I suppose I’m misunderstanding. If I know the vcov matrix, then not possible to write an equation to calculate standard errors from it based on the referenced equation for the standard error of the lp? It’s obviously going to be long and hideous given the number of variances and covariances with all the predictor combinations but suspect possible?

I think this is what the folks who worked on the EuroSCORE are doing here:

Philippe Michel, Sandrine Domecq, Louis Rachid Salmi, François Roques, Samer A.M. Nashef; Reply to Kuss and Börgermann: Confidence intervals for the prediction of mortality in the logistic EuroSCORE, European Journal of Cardio-Thoracic Surgery, Volume 27, Issue 6, 1 June 2005, Pages 1129–1132,


#6

It looks to me that what you want to do is to have an easy way to calculate a predicted value and prediction interval from a logistic regression. It appears above that you are attempting to calculate the lower and upper confidence intervals for each parameter estimate which does not seem to be what you want.

If we are on the log odd scale, and x is the design vector (1 row and p column covariate matrix) for an individual, then the predicted value is given by, x * coef(fit)… or you can you the predict function. If you want to calculate the standard error of this prediction to obtain the prediction intervals then you want: sqrt( x * vcov(fit) * t(x)). This is precisely the ASE of logit§ that you show above but in matrix form. Notice that I am assuming x is a 1 by p matrix. Make sure that the vectors/matrices are conformable.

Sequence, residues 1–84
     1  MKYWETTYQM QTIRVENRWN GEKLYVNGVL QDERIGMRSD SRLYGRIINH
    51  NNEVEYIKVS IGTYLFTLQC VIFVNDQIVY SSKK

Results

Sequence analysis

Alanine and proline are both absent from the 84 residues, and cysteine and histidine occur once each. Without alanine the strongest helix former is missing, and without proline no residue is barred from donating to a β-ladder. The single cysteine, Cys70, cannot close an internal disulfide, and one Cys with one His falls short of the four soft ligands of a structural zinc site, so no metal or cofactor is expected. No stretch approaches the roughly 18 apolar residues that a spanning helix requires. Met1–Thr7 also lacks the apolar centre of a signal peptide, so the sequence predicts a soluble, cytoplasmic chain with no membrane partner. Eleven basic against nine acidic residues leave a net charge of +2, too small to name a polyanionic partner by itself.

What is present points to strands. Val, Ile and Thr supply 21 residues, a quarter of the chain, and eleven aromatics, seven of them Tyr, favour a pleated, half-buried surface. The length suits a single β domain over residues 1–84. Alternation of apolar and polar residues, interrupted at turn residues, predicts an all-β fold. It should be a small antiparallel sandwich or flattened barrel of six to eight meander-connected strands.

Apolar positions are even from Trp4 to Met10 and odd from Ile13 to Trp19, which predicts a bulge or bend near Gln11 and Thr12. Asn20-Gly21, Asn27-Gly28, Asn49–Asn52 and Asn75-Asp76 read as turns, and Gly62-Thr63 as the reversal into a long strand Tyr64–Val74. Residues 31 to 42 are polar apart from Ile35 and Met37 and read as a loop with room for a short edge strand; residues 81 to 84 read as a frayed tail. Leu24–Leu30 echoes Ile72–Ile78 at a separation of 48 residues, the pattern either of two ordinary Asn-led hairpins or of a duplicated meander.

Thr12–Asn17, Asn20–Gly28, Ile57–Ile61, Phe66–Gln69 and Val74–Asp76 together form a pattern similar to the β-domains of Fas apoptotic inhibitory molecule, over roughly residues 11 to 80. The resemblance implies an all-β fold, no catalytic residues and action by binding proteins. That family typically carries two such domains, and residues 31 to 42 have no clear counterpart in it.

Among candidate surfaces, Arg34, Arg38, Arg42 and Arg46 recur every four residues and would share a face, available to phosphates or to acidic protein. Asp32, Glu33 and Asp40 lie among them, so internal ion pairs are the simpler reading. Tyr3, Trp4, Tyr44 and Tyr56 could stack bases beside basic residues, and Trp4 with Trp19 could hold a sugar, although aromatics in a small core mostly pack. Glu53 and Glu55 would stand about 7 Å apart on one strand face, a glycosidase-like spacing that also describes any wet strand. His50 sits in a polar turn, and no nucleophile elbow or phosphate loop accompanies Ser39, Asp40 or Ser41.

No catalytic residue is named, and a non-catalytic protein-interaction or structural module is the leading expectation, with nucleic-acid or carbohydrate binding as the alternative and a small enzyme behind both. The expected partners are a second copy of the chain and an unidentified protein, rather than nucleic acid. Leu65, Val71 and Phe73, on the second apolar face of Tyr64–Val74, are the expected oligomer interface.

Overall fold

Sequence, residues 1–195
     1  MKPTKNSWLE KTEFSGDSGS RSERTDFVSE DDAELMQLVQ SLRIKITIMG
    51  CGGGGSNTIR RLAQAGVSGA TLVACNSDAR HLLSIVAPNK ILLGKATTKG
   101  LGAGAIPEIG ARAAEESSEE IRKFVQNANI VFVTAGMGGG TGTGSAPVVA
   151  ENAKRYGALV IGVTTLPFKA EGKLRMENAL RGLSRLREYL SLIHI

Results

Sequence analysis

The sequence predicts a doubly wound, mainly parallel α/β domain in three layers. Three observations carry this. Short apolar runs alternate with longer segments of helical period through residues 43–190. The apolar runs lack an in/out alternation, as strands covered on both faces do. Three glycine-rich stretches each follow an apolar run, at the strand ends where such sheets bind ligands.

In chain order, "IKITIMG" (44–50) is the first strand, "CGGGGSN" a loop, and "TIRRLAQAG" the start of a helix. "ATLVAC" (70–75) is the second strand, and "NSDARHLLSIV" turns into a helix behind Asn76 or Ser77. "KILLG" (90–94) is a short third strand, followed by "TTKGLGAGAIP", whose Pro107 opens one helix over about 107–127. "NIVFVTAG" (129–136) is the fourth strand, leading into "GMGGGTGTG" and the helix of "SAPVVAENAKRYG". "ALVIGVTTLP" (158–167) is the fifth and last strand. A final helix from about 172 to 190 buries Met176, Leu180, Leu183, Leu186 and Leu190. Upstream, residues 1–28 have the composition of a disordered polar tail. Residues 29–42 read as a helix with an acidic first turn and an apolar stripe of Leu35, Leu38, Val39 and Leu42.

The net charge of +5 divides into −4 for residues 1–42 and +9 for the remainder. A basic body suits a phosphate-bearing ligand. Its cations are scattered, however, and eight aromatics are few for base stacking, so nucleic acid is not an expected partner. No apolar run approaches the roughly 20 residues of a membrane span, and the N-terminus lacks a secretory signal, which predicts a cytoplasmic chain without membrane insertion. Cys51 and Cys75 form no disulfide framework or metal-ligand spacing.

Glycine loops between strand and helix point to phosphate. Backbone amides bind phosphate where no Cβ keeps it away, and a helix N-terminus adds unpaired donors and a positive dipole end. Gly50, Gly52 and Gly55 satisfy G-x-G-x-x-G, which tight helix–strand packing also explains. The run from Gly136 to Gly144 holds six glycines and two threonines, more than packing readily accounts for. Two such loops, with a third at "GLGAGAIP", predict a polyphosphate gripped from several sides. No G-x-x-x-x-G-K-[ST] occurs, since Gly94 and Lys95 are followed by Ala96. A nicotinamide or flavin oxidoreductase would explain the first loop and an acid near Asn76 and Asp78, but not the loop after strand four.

I hope this helps.


#7

It does - thank you!

Still no way to get an equation for this without relying on real time reference to the vcov matrix eh. Looks like it will need a shiny app. I haven’t made one before. Well if you have any tips on doing that I’m all ears!

For anyone reading, this paper is a very introductory tutorial https://www.ncbi.nlm.nih.gov/pmc/articles/PMC5879507/


#8

Jonathan has a way to approximate the variance of the logit to an accuracy > 0.9 by fitting a second regression. He may say more about that.


#9

Yes that would be most welcome!